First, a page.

What are your rights if you are accused of a crime?

On Behalf of | Jul 7, 2022 | Criminal Law |

When someone is accused of a crime, it is important to remember that all US citizens are granted specific rights during a criminal court proceeding. These rights are outlined in the United States Constitution and are there to protect individuals throughout each stage of the process. 

US Constitutional rights

The United States Constitution ensures that all US citizens have rights, including the assumption that anyone accused of a crime is innocent until proven guilty. These rights are detailed in the Sixth and Fifth Amendments of the Constitution. Some of these rights include:

Right to a fair trial

In the US, a fair trial is characterized by regular and just procedures spearheaded by an impartial judge in an impartial jury. In a fair trial, every accused person maintains the right to defend themselves against the charges brought forth in court. This right includes securing legal counsel to defend their case, calling on witnesses, presenting evidence, and cross-examining the prosecution’s case.

Right to due process

The right to due process means that a case is processed and resolved according to set principles and the rule of law. Many of these rights are enshrined in the foundation of US law, including the Bill of Rights or the first ten Amendments to the US Constitution. State, federal, and local governments must respect individuals’ rights during legal proceedings. When obtaining evidence against a defendant, the prosecution must follow strict guidelines, like obtaining a search warrant of an accused’s property, so the facts of the case are considered admissible in court.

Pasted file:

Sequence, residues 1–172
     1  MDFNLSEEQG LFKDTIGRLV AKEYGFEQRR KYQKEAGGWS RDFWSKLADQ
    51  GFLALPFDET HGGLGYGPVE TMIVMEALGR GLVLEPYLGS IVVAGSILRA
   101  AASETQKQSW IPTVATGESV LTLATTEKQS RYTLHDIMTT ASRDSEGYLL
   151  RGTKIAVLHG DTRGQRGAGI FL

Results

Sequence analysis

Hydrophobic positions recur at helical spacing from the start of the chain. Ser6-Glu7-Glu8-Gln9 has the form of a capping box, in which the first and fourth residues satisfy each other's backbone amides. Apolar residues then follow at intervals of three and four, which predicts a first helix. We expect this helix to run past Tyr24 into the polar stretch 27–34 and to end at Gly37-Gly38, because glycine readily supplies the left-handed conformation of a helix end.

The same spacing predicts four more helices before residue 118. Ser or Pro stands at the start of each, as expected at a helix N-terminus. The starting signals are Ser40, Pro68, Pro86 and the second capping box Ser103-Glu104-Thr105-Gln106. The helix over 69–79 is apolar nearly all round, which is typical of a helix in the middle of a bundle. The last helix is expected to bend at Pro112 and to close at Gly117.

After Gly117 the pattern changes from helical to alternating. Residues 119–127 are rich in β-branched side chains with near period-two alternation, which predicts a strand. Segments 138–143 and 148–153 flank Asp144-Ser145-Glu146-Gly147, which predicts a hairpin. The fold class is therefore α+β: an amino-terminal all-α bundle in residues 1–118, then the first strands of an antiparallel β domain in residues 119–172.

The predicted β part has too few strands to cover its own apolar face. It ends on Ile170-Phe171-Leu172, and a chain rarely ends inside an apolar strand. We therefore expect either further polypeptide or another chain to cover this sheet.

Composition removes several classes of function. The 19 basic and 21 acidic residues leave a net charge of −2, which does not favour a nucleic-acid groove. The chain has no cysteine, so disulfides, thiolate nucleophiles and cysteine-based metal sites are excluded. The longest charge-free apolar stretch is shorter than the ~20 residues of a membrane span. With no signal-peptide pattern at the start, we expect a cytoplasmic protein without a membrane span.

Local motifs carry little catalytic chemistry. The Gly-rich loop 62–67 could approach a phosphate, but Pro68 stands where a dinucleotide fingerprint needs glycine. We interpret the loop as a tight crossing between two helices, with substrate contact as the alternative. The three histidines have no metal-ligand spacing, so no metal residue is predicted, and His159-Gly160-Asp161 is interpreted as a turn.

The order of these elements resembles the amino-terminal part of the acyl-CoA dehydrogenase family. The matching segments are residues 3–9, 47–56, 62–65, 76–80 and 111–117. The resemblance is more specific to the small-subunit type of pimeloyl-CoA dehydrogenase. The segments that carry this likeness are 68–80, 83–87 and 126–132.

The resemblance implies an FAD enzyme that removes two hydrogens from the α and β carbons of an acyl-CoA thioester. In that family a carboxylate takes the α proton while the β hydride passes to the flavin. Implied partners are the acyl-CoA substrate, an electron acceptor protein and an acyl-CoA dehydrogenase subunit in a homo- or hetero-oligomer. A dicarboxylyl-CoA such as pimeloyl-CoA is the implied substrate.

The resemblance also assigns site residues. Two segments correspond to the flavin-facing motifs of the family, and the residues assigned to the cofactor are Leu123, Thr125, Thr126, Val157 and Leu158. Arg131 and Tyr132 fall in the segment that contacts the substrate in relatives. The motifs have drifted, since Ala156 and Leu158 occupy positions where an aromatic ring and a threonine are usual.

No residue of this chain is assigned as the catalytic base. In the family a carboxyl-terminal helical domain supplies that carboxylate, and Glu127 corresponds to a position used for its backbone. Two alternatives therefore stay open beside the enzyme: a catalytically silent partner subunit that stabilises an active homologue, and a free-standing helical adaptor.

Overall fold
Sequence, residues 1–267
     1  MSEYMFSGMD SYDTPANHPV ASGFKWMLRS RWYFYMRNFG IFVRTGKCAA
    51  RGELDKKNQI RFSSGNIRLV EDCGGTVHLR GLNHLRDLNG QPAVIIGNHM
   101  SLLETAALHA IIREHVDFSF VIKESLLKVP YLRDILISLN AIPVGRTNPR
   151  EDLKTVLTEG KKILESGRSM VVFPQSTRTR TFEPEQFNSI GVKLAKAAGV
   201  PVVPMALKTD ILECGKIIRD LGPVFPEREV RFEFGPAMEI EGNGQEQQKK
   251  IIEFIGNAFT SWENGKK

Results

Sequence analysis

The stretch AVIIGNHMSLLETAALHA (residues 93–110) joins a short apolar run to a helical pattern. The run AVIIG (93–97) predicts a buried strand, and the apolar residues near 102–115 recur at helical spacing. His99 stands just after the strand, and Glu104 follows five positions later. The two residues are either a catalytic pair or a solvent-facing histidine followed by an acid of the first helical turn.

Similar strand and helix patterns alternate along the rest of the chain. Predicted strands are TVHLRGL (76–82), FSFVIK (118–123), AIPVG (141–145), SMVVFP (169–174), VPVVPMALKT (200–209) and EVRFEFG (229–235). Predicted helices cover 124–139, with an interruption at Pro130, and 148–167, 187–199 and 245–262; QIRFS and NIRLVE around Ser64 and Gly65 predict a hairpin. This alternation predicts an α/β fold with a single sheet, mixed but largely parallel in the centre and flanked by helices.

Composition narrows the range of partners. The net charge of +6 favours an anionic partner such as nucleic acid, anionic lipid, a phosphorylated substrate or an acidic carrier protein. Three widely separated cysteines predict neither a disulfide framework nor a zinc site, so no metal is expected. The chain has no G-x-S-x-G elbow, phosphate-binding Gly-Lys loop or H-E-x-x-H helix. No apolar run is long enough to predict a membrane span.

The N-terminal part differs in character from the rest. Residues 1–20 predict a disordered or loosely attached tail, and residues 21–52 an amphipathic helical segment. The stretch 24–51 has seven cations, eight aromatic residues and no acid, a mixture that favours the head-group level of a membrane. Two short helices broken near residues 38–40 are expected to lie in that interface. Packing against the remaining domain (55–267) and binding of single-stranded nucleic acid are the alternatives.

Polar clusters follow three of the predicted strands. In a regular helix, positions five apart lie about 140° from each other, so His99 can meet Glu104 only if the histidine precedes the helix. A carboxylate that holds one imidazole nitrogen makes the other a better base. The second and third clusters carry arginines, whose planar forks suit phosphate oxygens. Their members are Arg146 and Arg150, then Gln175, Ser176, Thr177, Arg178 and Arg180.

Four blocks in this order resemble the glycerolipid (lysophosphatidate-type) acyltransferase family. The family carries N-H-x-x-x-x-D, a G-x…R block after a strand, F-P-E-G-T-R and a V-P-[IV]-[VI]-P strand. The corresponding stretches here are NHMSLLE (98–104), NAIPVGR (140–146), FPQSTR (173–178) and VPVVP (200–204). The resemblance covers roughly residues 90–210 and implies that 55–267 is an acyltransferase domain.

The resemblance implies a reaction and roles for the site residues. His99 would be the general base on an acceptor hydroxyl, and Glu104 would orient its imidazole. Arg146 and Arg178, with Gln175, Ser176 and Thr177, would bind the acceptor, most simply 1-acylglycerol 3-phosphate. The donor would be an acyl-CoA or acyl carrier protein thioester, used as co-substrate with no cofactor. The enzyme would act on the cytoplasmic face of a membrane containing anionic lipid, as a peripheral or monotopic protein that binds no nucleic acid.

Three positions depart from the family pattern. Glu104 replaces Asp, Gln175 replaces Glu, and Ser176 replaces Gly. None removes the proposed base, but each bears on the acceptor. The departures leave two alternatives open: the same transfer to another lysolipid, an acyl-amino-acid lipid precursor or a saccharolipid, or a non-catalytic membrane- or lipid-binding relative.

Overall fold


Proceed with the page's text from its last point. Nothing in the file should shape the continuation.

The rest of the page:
Right against self-incrimination

As outlined in the Fifth Amendment of the US Constitution, all citizens have a right against self-incrimination. Commonly known as “pleading the Fifth,” this law means that any accused maintains the right to decline questioning from law enforcement while in police custody or in court. While a defendant may choose to testify in court on their own behalf, they are not required to do so. Furthermore, a jury can not use a defendant’s decision to testify or remain silent as part of their judgment of the charges. 

To maintain the standard of law in the US regarding criminal proceedings, the court must uphold the specific rights of the individuals involved. These rights are in place to ensure that the execution of the law is applied fairly and justly to the best of the court’s ability. 

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